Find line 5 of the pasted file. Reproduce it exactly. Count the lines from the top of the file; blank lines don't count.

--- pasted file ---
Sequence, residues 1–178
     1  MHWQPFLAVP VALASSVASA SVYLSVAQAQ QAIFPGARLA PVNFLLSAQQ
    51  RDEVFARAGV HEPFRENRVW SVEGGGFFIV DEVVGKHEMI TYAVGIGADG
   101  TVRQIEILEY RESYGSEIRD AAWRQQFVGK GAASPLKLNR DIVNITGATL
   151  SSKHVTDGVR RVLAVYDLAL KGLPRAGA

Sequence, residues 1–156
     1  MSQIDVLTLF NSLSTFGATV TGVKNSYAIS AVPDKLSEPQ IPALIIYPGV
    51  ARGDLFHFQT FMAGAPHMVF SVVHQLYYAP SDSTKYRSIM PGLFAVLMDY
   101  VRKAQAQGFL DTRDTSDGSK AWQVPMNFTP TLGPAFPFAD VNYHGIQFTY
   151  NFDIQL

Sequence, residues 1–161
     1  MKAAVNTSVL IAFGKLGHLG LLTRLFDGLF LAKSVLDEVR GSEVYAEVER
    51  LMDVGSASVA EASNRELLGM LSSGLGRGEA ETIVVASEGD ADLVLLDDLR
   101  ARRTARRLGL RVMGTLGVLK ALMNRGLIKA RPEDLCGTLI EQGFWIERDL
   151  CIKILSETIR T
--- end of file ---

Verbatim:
   151  SSKHVTDGVR RVLAVYDLAL KGLPRAGA